After another disappointing offseason, the Dallas Mavericks made a couple of questionable free-agent signings going into next year when they brought over Jose Calderon for four years and $29 million and Monta Ellis for three years worth at least $25 million.
Although it's too early to tell if they will pan out for the Mavericks or not, the possibility of grossly overpaying for a free agent certainly will strike up some bad memories for Mavs fans, as they have had their share of terrible signings over the years.
Like most NBA franchises, the Mavericks have shelled out big bucks in attempt to improve their team in the offseason, only to have it blow up in their faces down the road.
Here are some of the most egregious free-agent signings the Mavericks have had in their 25-year history as a franchise.
Brendan Haywood has been a good backup center during his NBA career, but when the Mavericks signed him to a six-year deal worth up to $55 million in 2010, they were paying him starter money.
Haywood showed in his time in Dallas that he simply wasn't that player. He was Tyson Chandler's backup during the 2011 title run, but when the reins were given back to him in 2012, he struggled once again.
His only two full seasons in Dallas were extremely pedestrian, as he averaged 4.4 and 5.2 PPG despite his lucrative contract, before being released last offseason under the amnesty clause.
Even today, it's hard to imagine that Mark Cuban and company could justify offering benchwarmer Evan Eschmeyer the six-year, $20 million deal they did in 2001.
Fans at the time even knew the Eschmeyer deal would be one that would come back to haunt the team.
Eschmeyer did nothing of note in his four NBA seasons with the Mavericks and New Jersey Nets, so it's hard to understand just where the team was coming from when signing him to that lucrative of an offer.
In his two seasons in Dallas, Eschmeyer rarely played and averaged just 1.5 PPG and 2.5 RPG.
Erick Dampier was a serviceable player during his time with the Mavericks, but serviceable doesn't come anywhere close to justifying the seven-year, $70 million contract Dampier got from the Mavs in 2004.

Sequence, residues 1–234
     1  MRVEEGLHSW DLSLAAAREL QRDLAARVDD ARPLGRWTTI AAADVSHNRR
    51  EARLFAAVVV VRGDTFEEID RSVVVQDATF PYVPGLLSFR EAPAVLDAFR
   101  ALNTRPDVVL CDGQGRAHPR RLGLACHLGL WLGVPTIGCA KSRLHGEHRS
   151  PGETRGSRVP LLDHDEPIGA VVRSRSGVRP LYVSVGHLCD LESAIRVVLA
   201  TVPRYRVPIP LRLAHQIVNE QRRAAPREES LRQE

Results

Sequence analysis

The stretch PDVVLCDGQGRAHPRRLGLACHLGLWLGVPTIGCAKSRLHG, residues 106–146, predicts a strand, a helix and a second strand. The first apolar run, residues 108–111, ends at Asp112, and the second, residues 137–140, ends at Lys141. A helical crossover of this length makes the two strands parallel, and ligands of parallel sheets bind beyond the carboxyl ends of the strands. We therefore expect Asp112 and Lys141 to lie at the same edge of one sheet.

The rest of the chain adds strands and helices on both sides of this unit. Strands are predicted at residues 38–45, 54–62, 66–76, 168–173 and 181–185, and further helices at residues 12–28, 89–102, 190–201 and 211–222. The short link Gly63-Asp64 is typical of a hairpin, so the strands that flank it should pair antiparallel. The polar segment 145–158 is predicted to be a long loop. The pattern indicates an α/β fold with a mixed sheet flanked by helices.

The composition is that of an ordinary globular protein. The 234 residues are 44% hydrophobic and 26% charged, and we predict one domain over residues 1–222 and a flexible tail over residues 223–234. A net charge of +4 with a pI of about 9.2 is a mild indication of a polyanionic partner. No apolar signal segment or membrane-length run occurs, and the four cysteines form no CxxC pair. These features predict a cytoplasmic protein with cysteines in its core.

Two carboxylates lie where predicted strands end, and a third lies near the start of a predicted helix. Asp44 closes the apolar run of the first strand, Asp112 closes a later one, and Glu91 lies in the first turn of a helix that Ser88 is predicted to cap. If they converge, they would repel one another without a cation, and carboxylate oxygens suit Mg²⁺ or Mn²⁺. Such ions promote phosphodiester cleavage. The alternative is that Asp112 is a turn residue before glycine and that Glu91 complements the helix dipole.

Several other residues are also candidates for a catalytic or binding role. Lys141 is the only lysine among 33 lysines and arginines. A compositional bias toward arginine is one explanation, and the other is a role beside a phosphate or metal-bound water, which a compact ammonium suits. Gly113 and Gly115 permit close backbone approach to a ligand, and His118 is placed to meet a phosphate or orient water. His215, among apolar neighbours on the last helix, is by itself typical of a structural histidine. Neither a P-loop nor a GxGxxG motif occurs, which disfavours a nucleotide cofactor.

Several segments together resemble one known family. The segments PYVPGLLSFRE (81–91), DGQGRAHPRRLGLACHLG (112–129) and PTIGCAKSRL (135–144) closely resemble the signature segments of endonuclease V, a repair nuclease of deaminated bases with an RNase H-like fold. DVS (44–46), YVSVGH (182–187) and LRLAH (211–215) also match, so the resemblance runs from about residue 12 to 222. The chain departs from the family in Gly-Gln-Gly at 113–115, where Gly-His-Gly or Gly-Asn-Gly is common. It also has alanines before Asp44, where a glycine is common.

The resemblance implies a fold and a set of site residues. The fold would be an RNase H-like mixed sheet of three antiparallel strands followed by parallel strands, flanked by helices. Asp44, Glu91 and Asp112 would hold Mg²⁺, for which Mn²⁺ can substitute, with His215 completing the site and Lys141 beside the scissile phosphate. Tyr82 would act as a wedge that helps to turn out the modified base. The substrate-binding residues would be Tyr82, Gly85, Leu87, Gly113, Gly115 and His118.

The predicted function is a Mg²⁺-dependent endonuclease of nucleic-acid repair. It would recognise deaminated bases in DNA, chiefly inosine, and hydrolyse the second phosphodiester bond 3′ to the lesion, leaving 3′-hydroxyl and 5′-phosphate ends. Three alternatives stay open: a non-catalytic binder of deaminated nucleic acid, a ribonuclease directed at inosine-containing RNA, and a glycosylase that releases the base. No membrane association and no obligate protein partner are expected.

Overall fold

Dampier was coming off of a season with the Golden State Warriors in which he averaged 12 points and 12 rebounds, but he never came close to duplicating those numbers while in Dallas.
Dampier's only real value was on the defensive end, but his offense was completely nonexistent and often hindered the team on that end of the floor.
After being sent over to the Mavericks from the Denver Nuggets, where he had a successful run, Raef LaFrentz was impressive in his half of a season with the team in 2001-02—impressive enough that he was rewarded with a seven-year, $70 million deal that offseason.
However, LaFrentz never fit in with the Dallas system after that, and he was a shell of his former self in his only full season in Dallas.
LaFrentz was such a disappointment to the front office that he was traded to the Boston Celtics just a year after signing his mega contract.
Tariq Abdul-Wahad was signed to a six-year, $40 million contract after the 2001-02 season, and his lack of production with that big of a deal make him the worst free-agent signing in team history.
Abdul-Wahad is a player whom Mark Cuban described as lazy, saying Abdul-Wahad "didn't seem to want to train, didn't really want to practice."
In two seasons as a Maverick, Abdul-Wahad played in only 18 games while battling through injuries. He then sat on injured reserve for two seasons (all while continuing to get paid) before being released.